Sunday, May 9, 2010

My (professional) life, ungagged

Nothing is ever totally bad:  Deepwater Horizon has been an unprecedented tragedy, and yet it will go down in history as one of America's great educational turning points.  I describe how and why in the paragraphs below, and this has NOTHING to do with blow-out preventers, by the way.  :-) 

People from all walks of life frequently ask me, "Why do so many American businesses fail to comply with environmental laws?"  (They ask this as a general question, not with respect to BP in particular). 

One of the answers is simply this:  because their personnel haven't been adequately educated as to why compliance is necessary and, furthermore, obviously they can't be trained to put knowledge into practice if that knowledge has NOT been imparted to them in the first place. 

And why haven't they been properly educated and trained?  In part, because a lot of the information upon which the training should be based is off-limits to "for-profit" educators like myself.  "Profit" in my case means the generation of my self-employment salary which probably does not exceed that of many "nonprofit" skilled workers, but legally I'm still classified as "for profit". 

Unlike the public school system as well as both public and private universities, "fair use" protections under U.S. copyright law are NOT extended to us (section of 17 U.S.C. 107 reproduced below; underline mine). 

If we reproduce copyrighted content and other forms of intellectual property as we teach other people about environmental stewardship (and how else do you teach people but by providing them with information??), we're breaking the law and leaving ourselves wide open to career-destroying litigation.  I have been teaching principles of environmental management part time for about a decade now, but I do so in much-reduced capacity because of exactly this legal situation: in many situations, I can't tell my students what's REALLY going on because I can't communicate any illustrations that were originated by others.   (I do self-generate my own content, but there are critical limits as to what I can muster as just one person). 

The fact that we "for-profit" educators operate under an effective gag order might not be so bad, except that WE ARE THE ONLY ONES with the depth of practical experience needed to conduct the type of teaching to which I refer.  Universities don't do this - it's not their mandate and they are correspondingly not equipped to do it; they lack the degree of industrial immersion upon which effective environmental management training must be predicated.  The ability to teach this stuff effectively springs mostly from real-world experience and empirical wisdom, which does not come from books or professorial discourses or the Code of Federal Regulations.  It comes from the people in the trenches, not the people ensconced in the ivory towers and trapped behind desks in the bureaucracies.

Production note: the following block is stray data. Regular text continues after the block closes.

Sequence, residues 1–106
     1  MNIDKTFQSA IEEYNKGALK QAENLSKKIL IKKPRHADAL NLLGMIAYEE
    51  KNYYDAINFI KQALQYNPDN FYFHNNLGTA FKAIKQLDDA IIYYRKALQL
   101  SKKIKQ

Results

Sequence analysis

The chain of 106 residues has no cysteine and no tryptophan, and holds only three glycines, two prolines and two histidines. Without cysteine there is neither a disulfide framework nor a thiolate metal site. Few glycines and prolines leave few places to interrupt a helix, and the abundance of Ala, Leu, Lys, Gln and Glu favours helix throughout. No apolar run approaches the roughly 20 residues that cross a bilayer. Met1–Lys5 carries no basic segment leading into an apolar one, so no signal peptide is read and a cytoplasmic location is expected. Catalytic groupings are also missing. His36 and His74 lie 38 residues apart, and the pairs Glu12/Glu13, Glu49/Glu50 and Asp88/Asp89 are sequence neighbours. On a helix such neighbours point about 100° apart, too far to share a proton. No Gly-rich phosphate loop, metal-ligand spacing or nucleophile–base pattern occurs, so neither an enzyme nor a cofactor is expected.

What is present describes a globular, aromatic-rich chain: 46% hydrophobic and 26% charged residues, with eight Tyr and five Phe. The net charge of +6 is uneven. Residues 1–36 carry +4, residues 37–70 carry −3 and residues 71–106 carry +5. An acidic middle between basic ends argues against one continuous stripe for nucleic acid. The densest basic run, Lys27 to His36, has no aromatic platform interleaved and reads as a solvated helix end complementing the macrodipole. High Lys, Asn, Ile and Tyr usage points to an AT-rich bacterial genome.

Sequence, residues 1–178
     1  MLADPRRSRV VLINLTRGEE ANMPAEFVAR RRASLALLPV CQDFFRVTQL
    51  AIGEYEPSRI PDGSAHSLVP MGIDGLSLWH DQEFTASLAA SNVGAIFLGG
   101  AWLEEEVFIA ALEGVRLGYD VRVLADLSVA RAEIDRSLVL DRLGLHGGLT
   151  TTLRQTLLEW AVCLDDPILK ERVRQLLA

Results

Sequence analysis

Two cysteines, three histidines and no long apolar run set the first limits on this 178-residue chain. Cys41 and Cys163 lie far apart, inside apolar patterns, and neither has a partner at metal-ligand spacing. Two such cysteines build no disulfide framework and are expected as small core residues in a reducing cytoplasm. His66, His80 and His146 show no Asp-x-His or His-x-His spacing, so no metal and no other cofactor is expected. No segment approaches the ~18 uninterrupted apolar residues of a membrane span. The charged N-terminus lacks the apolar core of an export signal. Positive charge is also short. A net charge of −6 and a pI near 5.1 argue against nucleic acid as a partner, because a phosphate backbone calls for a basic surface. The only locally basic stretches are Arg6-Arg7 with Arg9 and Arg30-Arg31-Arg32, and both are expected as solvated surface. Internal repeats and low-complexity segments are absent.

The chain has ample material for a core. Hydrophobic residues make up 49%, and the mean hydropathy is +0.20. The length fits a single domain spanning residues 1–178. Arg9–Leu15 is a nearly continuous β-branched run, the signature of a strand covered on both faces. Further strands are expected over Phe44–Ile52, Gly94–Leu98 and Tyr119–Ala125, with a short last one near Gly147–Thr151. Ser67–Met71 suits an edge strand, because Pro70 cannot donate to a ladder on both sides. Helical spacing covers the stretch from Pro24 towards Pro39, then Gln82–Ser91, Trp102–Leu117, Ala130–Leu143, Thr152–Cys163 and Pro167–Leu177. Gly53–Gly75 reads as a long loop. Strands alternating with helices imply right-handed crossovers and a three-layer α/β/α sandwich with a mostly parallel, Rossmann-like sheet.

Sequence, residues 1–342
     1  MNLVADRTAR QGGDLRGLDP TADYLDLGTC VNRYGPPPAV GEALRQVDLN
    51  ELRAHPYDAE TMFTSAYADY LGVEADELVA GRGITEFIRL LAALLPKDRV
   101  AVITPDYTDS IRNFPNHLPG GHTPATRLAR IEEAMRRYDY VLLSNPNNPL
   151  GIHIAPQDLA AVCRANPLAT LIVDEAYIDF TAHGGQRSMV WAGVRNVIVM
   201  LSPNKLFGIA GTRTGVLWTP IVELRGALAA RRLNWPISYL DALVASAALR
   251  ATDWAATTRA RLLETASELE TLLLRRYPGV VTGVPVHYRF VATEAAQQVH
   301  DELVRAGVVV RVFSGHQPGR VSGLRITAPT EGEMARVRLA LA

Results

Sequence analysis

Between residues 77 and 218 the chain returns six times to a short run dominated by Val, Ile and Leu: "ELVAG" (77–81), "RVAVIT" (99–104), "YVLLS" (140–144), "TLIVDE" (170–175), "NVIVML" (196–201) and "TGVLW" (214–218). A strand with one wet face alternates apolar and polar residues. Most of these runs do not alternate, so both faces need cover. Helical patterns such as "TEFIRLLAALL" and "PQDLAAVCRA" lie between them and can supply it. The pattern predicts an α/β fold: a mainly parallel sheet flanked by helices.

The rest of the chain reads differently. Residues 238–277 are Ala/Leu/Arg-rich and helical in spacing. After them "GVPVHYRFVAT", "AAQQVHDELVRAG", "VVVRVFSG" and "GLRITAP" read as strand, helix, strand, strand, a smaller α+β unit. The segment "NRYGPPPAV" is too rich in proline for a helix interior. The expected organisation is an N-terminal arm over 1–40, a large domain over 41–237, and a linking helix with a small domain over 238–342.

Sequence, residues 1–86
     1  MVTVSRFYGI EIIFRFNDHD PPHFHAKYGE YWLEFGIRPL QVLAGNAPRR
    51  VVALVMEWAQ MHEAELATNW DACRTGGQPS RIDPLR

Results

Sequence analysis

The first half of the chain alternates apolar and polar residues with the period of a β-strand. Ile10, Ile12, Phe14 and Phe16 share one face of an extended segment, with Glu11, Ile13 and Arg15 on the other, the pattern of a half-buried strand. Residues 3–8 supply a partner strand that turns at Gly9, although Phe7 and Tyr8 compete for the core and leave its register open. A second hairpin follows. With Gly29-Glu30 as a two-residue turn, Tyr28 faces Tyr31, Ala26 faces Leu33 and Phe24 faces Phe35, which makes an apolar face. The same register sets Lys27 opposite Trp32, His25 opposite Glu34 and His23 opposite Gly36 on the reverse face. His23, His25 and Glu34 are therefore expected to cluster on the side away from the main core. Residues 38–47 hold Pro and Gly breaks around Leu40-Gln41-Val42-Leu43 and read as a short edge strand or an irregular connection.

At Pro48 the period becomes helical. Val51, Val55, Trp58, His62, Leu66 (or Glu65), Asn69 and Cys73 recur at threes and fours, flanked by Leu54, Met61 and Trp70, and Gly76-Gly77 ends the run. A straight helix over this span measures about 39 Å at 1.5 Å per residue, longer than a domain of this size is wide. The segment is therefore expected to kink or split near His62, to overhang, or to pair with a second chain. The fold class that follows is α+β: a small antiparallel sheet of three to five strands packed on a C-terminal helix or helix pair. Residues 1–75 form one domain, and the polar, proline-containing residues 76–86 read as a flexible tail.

So THEY are not equipped to do it, and WE are not allowed to do it, which means that almost NOBODY has been in a position to really do it the way I think it ought to be done.  Voila --> one significant contributing factor to our situation of persistent environmental ignorance.

But Deepwater Horizon is changing that.  Never before in our history have we had the degree of practical environmental response information-sharing that is happening right now.  And guess what??  Most of it is originating with the United States federal government, and therein lies the holy grail of intellectual freedom:

(Courtesy Wikipedia)
There are THOUSANDS of Coast Guard, Navy, EPA, and countless other regulatory agency personnel involved in Deepwater's spill response, and darned near every one of them carries a ten megapixel camera, either on behalf of their employer and/or for personal use.   We had a trickle of public information originating with NOAA and other agencies during and after Valdez, but the internet did not exist back then, so we had NOTHING like what is being produced now!! 
(Courtesy US Navy)

A lot of those front-line regulatory personnel are Gen X and younger, who cut their teeth on YouTube, Twitter, and Blogger.  They don't need to be told how to communicate across the internet - the production of professional-quality images and journalistic content is as natural to them as breathing.  They are doing it well, and doing it thoroughly.

(Courtesy US Navy)

And as for me, I've won the intellectual property lottery.  Every cloud has that proverbial silver lining.  I and people like me are FINALLY going to be able to show our students more of what happens in the real world without fear of infringement and legal reprisal.  My main challenge now is in cataloging and crediting this incredible, unrestricted information windfall.

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